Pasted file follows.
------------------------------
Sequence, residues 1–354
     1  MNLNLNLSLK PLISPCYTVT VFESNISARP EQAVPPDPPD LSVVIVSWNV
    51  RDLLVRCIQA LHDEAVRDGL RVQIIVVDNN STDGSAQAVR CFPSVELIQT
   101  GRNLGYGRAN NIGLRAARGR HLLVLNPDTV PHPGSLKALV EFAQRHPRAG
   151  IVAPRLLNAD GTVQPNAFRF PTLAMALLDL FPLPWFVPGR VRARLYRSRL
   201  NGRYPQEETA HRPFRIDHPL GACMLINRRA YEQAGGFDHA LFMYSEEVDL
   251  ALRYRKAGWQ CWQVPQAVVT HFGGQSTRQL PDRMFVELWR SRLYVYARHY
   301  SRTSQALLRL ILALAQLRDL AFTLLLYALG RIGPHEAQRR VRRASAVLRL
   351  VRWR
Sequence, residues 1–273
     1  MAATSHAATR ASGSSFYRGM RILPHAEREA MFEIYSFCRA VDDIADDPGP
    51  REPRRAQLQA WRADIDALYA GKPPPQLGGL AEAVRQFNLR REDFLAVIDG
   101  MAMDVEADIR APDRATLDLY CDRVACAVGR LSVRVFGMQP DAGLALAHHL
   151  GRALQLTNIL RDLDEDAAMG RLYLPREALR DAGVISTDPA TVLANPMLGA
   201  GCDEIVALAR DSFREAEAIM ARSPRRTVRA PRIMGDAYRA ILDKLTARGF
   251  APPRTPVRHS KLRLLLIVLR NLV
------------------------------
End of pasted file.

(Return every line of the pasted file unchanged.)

Sequence, residues 1–354
     1  MNLNLNLSLK PLISPCYTVT VFESNISARP EQAVPPDPPD LSVVIVSWNV
    51  RDLLVRCIQA LHDEAVRDGL RVQIIVVDNN STDGSAQAVR CFPSVELIQT
   101  GRNLGYGRAN NIGLRAARGR HLLVLNPDTV PHPGSLKALV EFAQRHPRAG
   151  IVAPRLLNAD GTVQPNAFRF PTLAMALLDL FPLPWFVPGR VRARLYRSRL
   201  NGRYPQEETA HRPFRIDHPL GACMLINRRA YEQAGGFDHA LFMYSEEVDL
   251  ALRYRKAGWQ CWQVPQAVVT HFGGQSTRQL PDRMFVELWR SRLYVYARHY
   301  SRTSQALLRL ILALAQLRDL AFTLLLYALG RIGPHEAQRR VRRASAVLRL
   351  VRWR
Sequence, residues 1–273
     1  MAATSHAATR ASGSSFYRGM RILPHAEREA MFEIYSFCRA VDDIADDPGP
    51  REPRRAQLQA WRADIDALYA GKPPPQLGGL AEAVRQFNLR REDFLAVIDG
   101  MAMDVEADIR APDRATLDLY CDRVACAVGR LSVRVFGMQP DAGLALAHHL
   151  GRALQLTNIL RDLDEDAAMG RLYLPREALR DAGVISTDPA TVLANPMLGA
   201  GCDEIVALAR DSFREAEAIM ARSPRRTVRA PRIMGDAYRA ILDKLTARGF
   251  APPRTPVRHS KLRLLLIVLR NLV